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01.12.2019 | Case report | Ausgabe 1/2019 Open Access

Journal of Medical Case Reports 1/2019

Acute human bocavirus 1 infection in child with life-threatening bilateral bronchiolitis and right-sided pneumonia: a case report

Zeitschrift:
Journal of Medical Case Reports > Ausgabe 1/2019
Autoren:
Inga Ziemele, Man Xu, Anda Vilmane, Santa Rasa-Dzelzkaleja, Lea Hedman, Klaus Hedman, Maria Söderlund-Venermo, Zaiga Nora-Krukle, Modra Murovska, Dace Gardovska
Wichtige Hinweise

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Abstract

Background

Human bocavirus 1 is a commonly detected human parvovirus. Many studies have shown human bocavirus 1 as a pathogen in association with acute respiratory tract infections in children. However, because human bocavirus 1 persists in the upper airways for extensive time periods after acute infection, the definition and diagnostics of acute human bocavirus 1 infection is challenging. Until now, detection of human bocavirus 1 exclusively, high viral load in respiratory samples, and viremia have been associated with a clinical picture of acute respiratory illness. There are no studies showing detection of human bocavirus 1 messenger ribonucleic acid in the peripheral blood mononuclear cells as a diagnostic marker for acute lower respiratory tract infection.

Case presentation

We report the case of a 17-month-old Latvian boy who presented in intensive care unit with acute bilateral bronchiolitis, with a history of rhinorrhea and cough for 6 days and fever for the last 2 days prior to admission, followed by severe respiratory distress and tracheal intubation. Human bocavirus 1 was the only respiratory virus detected by a qualitative multiplex polymerase chain reaction panel. For the diagnosis of acute human bocavirus 1 infection, both molecular and serological approaches were used. Human bocavirus 1 deoxyribonucleic acid (DNA) was detected simultaneously in nasopharyngeal aspirate, stool, and blood, as well as in the corresponding cell-free blood plasma by qualitative and quantitative polymerase chain reaction, revealing high DNA-copy numbers in nasopharyngeal aspirate and stool. Despite a low-load viremia, human bocavirus 1 messenger ribonucleic acid was found in the peripheral blood mononuclear cells. For detection of human bocavirus 1-specific antibodies, non-competitive immunoglobulin M and competitive immunoglobulin G enzyme immunoassays were used. The plasma was positive for both human bocavirus 1-specific immunoglobulin M and immunoglobulin G antibodies.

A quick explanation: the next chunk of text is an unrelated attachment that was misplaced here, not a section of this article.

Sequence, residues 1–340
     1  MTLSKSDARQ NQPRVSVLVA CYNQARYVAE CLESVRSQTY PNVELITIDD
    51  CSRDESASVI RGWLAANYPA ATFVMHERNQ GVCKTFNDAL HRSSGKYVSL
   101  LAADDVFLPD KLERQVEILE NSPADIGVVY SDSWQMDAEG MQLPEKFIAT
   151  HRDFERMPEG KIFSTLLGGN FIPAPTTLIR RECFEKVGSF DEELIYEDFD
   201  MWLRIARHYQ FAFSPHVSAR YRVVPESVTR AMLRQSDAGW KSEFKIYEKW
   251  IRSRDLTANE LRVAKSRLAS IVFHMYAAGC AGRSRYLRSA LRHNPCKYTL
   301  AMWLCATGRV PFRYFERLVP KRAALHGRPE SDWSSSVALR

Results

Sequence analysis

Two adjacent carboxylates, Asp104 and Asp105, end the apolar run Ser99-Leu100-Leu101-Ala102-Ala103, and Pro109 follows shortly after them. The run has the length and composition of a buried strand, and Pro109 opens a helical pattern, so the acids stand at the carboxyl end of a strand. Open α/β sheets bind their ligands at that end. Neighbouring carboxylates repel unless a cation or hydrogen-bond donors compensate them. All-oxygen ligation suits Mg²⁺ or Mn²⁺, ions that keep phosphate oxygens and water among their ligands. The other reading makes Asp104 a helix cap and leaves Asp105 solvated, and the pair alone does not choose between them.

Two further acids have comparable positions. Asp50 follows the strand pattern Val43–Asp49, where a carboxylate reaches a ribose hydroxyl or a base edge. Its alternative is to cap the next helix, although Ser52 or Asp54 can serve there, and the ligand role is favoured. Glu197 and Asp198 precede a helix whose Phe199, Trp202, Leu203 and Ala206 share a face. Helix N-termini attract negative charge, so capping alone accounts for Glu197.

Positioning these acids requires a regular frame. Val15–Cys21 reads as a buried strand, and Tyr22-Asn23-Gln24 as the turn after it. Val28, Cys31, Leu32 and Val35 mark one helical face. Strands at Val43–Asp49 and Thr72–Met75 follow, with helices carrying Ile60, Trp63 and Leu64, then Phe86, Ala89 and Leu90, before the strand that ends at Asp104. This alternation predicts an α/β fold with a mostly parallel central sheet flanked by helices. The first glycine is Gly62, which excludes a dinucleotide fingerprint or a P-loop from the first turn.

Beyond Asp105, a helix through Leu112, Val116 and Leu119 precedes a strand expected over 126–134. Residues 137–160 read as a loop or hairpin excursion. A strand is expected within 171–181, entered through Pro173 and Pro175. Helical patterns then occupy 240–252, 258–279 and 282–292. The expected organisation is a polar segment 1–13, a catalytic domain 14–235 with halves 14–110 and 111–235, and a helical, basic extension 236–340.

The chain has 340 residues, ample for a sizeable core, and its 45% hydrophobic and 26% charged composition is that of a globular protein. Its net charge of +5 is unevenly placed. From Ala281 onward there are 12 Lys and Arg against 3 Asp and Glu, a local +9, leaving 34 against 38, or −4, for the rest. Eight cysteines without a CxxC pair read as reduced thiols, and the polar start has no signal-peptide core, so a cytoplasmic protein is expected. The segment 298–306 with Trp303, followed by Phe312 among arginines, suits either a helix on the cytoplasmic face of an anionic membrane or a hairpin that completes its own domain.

Conclusions

The presence of human bocavirus 1 genomic DNA in blood plasma and human bocavirus 1 messenger ribonucleic acid in peripheral blood mononuclear cells together with human bocavirus 1-specific immunoglobulin M are markers of acute human bocavirus 1 infection that may cause life-threatening acute bronchiolitis.

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